Project on Investment, Ownership, and Control
In the Modern Firm
The project will provide the first comprehensive analysis of the institutions emerging as owners in the newly fragmented world of equity finance.
Business enterprise has always depended upon providers of equity. The study of the sources of equity in the U.S. historically has focused on individual investors. More recent work has recognized the role of institutions, such as pension and mutual funds, in providing equity capital to modern firms.
The last decade, however, has witnessed an unprecedented fragmentation of economic and legal rights across a diverse group of new owners. Some of the largest institutional investors now think of themselves as “asset managers,” for whom equity in public corporations plays only a limited role in a broader investment portfolio. Other newly important institutional investors are styled as hedge funds. These funds vary in strategy from computerized high-speed trading to value investing, and have distinct approaches to participating in the governance of their portfolio companies.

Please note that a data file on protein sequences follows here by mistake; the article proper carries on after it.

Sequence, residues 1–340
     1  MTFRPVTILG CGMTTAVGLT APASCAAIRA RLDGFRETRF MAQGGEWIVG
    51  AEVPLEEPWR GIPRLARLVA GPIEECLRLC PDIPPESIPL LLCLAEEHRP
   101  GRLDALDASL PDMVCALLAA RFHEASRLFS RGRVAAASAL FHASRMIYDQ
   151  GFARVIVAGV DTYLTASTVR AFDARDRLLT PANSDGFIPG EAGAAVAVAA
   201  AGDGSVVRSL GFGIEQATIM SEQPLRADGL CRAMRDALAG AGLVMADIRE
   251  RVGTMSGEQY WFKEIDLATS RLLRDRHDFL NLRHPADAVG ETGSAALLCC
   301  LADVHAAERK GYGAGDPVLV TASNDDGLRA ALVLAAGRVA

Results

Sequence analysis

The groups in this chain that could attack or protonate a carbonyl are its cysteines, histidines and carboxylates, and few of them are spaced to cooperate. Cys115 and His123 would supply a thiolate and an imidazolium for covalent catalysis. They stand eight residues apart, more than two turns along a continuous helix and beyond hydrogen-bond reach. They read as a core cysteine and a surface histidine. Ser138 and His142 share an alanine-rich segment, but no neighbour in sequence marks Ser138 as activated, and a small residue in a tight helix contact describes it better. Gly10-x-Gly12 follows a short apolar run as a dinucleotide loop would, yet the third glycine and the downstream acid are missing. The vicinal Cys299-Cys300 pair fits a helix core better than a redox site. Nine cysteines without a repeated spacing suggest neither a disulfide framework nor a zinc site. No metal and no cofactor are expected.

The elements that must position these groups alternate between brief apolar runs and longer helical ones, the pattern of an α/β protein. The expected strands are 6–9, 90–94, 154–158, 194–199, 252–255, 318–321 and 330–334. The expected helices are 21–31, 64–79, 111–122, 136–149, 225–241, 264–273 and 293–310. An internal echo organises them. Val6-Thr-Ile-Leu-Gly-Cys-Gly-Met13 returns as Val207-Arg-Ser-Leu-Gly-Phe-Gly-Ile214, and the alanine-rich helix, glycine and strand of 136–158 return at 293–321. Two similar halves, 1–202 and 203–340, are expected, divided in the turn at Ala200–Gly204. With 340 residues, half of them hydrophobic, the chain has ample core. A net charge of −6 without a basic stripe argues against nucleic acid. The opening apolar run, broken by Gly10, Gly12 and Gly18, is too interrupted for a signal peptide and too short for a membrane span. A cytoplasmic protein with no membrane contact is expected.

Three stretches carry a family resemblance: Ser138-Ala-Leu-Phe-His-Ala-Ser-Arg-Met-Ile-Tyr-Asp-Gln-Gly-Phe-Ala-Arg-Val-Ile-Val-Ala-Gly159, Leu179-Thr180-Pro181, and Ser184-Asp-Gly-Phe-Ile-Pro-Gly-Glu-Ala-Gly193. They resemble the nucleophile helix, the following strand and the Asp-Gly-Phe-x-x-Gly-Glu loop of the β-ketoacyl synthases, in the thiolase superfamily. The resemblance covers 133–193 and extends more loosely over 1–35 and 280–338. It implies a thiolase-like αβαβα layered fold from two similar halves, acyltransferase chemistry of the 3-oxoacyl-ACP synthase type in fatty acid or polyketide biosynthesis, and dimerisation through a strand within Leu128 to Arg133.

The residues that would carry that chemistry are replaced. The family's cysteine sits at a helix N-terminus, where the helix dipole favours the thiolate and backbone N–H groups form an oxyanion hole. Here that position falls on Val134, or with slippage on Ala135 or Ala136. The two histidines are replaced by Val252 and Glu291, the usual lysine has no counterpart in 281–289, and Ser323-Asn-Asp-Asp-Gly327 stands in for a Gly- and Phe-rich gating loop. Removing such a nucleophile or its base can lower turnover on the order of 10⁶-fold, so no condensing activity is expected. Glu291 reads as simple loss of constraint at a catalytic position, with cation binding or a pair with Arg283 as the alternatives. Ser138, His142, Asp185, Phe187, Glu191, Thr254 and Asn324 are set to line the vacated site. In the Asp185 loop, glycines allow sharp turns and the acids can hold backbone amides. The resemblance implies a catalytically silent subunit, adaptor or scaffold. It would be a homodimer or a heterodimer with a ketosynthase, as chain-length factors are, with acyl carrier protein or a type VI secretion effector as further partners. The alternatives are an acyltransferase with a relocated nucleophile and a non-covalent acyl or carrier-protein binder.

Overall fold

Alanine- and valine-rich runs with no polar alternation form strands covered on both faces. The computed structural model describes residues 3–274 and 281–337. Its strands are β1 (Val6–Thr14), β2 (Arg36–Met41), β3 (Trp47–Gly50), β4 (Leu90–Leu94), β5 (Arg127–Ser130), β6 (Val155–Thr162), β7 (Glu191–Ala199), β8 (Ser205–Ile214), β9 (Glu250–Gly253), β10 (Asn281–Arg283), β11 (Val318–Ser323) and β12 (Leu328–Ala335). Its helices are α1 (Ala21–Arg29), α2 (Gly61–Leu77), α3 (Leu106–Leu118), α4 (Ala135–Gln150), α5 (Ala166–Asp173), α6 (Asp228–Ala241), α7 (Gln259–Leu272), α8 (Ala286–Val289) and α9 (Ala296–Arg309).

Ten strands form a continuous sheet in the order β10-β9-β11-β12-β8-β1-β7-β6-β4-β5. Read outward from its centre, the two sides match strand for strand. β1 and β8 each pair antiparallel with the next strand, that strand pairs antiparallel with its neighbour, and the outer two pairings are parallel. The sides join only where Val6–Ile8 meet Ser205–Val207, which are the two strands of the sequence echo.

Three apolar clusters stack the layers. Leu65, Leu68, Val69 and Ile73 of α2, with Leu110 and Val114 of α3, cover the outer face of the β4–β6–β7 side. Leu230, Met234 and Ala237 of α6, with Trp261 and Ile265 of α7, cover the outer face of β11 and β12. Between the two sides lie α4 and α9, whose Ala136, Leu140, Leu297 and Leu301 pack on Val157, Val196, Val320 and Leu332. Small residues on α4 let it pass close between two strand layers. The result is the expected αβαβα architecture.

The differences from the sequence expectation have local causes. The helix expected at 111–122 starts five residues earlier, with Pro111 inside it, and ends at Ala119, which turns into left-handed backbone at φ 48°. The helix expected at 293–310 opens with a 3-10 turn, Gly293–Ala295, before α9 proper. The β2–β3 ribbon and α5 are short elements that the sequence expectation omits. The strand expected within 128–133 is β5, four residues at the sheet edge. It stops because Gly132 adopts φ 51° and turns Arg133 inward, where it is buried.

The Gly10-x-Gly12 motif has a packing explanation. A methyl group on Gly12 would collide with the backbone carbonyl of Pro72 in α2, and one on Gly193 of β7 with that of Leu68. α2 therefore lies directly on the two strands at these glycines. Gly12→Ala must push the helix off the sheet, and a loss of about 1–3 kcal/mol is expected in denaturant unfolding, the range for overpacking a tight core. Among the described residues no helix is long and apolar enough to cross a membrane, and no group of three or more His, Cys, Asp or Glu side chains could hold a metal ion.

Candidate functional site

Taken together, these developments have left academics and regulators alike with an inadequate understanding of the influence of these owners over the governance—and performance—of the modern corporation.
The project’s work will include:
A taxonomy and census of the diverse institutional investors now operating. Additional research will pursue a better understanding of how these institutions are governed, exploring the important differences in the incentives and investment objectives of these owners.
An objective, dynamic, and public collection of data describing the governance of U.S. public companies.
Sustained, informed conversations among the key participants in the development, deployment, and oversight of these newly evolving sources of capital to provide a forum for sharing their concerns over the implications of these developments for corporate governance.
Read about the 2012 conference